October 8, 2009

Sanders: Hagg one of best DBs in the country

Over the course of the past three years, it's become fairly apparent that junior defensive back Eric Hagg doesn't like to brag about himself.

In some ways, that's a shame, because he has plenty of reason to do so.

The 6-foot-2, 205-pounder from Peoria, Ariz., has established himself as Nebraska's most versatile defensive player, as his rare combination of size, speed, strength and athleticism has allowed him to play cornerback, linebacker, safety, nickel back and linebacker at one point or another in his career.

And that doesn't even take into account the fact that he was initially recruited by the Huskers as a wide receiver.

When you ask him about talents, however, Hagg is a master at diverting his answer towards his teammates, coaches and even his opponents. As far as getting a decent quote about himself, the guy is worthless.

Fortunately, Hagg has plenty of others around him more than willing to sing his praises.

Earlier this week, Nebraska defensive backs coach Marvin Sanders was asked about Hagg's progress the past few seasons and about how his role will significantly increase with the start of the Big 12 Conference schedule this week.

Sanders' response turned into one of the strongest endorsements a coach could give a player.

"In my opinion he is one of the best defensive backs anywhere," Sanders said. "I truly believe that. I think his talent can match-up with anybody. Not only that, but he's agile and athletic enough that I can play him at corner, physical enough to play that nickel linebacker spot and rangy enough that I can play him at safety.

"I know there are some really good guys out there like Taylor Mays, but I wouldn't trade (Hagg) for any of them. There's great players, but I think he's special because he can do so much."

Hagg's role through Nebraska's first four games has been pretty limited, primarily because of the offenses the Huskers have faced. However, Hagg will become a fixture on the field for NU's defense starting tonight against Missouri and throughout the rest of the season.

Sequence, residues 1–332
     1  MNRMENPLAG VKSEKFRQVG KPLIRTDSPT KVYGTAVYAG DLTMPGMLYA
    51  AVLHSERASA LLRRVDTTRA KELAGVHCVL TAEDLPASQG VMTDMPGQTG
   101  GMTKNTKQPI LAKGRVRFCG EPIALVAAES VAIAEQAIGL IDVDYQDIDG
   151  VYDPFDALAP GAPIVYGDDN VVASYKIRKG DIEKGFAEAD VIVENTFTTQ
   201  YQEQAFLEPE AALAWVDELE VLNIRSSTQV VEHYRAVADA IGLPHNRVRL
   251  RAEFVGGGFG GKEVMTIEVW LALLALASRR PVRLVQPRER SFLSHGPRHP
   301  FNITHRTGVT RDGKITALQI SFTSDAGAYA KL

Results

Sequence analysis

Because of the influx of spread out passing attacks across the conference, head coach Bo Pelini said the Huskers would work almost entirely out of their nickel and dime defenses, which feature one and two extra defensive backs, respectively.

The versatility Hagg brings to the table allows NU to use those pass defenses while also not giving up too much against the run, as he's proven to be an effective tackler and unafraid of playing up in the box.

Sanders said Hagg has made a significant jump in his overall play this offseason because of an increased confidence in his abilities. As could be expected, a kid as humble as Hagg might have some reservations of just how good he could be.

That's why Sanders and the rest of Nebraska's coaching staff had had to give Hagg a few extra pushes of encouragement to get him to realize his potential.

"I think he's gotten better because confidence helps," Sanders said. "He really understands his ability, and that's where it comes from. I've tried to tell him all along that if I had half of his ability I'd still be playing or collecting a good, healthy retirement right now."

Hagg might not talk a big game, but he undoubtedly plays one. Now likely to see the most playing time of his career the rest of the year, his actions on the field should be enough to do all the talking for him anyway.

"Playing is fun, so I definitely look forward to playing," Hagg said. "And like, playing the whole game will be kind of fun too. It will be really fun."

Humility at it's finest.

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